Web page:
March 22-25, 2006
Albuquerque, New Mexico

Workshops: Description

Semiotics and Museum Web sites: "Do users understand your interfaces?"

Nicoletta Di Blas, Politecnico di Milano, Italy
Paolo Paolini, Politecnico di Milano, Italy
Caterina Poggi, Politecnico di Milano, Italy

Very often usability evaluation "stumbles" on minor elements of the interface: e.g. the labels of links (often unclear or misunderstood by users), names appearing on menus (often of obscure semantics for users), "categories" (of artefacts, for examples) or "types" (known to cultural heritage specialists but unknown to users), "icons" (suggestive in the minds of their authors, but obscure to anyone else, etc.). If these types of "interface inconveniences" make up for the largest amount of usability faults in general, they are of specific relevance for museum Web sites, where interface elements often relate to cultural background: the historical period of "high middle age" used as a label for a link, for example, may mean slightly different time frames in Italy, France or Germany, and nothing at all for a user of Asian culture and background.

For most museum Web sites, unfortunately, there is still a crucial gap between the knowledge and cultural assumptions underlying the choice of interface elements, and the actual background of the users (belonging to different part of the world, with different levels of education and expertise, etc.).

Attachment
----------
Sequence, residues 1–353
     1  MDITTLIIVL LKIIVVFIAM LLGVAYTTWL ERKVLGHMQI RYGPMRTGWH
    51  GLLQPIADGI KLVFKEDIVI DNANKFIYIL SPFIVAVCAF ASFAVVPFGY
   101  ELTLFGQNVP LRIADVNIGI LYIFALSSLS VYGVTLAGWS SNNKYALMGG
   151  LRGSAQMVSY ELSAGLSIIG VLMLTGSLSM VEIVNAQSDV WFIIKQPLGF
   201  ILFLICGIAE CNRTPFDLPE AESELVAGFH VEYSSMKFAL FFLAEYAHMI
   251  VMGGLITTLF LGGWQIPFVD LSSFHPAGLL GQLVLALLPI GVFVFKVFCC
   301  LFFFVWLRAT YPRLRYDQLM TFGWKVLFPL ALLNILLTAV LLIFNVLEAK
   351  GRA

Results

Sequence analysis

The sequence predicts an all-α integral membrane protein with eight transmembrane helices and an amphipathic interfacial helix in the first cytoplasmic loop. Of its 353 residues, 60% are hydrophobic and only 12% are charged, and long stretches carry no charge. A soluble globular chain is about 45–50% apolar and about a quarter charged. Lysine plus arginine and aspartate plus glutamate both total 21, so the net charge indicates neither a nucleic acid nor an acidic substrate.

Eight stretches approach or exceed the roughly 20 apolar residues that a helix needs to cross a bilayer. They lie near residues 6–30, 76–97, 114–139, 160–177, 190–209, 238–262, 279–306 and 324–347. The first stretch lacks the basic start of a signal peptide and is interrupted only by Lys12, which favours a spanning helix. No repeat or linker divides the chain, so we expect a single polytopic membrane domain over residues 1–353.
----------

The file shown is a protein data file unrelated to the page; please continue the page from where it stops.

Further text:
Designers of museum Web sites, apparently, are more conscious of cultural diversity when they write content than when they decide about interface elements. Designers, in fact, apparently do not wonder whether and how their users are familiar with the terms and concepts which are shared within a specific community of people. As a consequence, the interface language used by the Web site — that is, how the Web site actually "talks" to the user, through which terms and which concepts — is often different and misaligned with the one used and known by the user, thus risking to compromise a successful user experience

This half-day workshop will first give an overview of basic semiotic principles; it will then address the specific domain of cultural heritage applications, showing and critically discussing some examples of bad and good practices; after coffee break, the attendees will be asked to apply what they have learned to museum Web sites of their choice; a final discussion will be used to compare the different analysis and to discuss possible ways to fix the most relevant (semiotic) problems of the interfaces that they have analyzed.

Target audience

  1. Developers of applications
  2. usability evaluators
  3. users of Web sites

Learning objective

At the end of the workshop, participants will be able to:

  1. read and analyze from a semiotic point of view web interfaces
  2. understand the "semiotic" troubles that users may have with web interfaces
  3. design better web interfaces (from a semiotics point of view

The workshop is highly interactive providing ample opportunity for sharing experience and visions among participants.


9.00 - 9.30: Semiotic basic principles

9.30 - 10.30: Discussion of examples of semiotic elements from Museum Websites

10.30 - 11.00: Coffee break

11.00 - 11.40: Hands-on session (attendees, divided into groups, will analyse the semiotic elements of Web sites)

11.40 - 12.30: Presentation of the results of the groups' work and final discussion

Workshop: Paolini / Poggi / DiBlas [Morning]

Keywords: semiotics, usability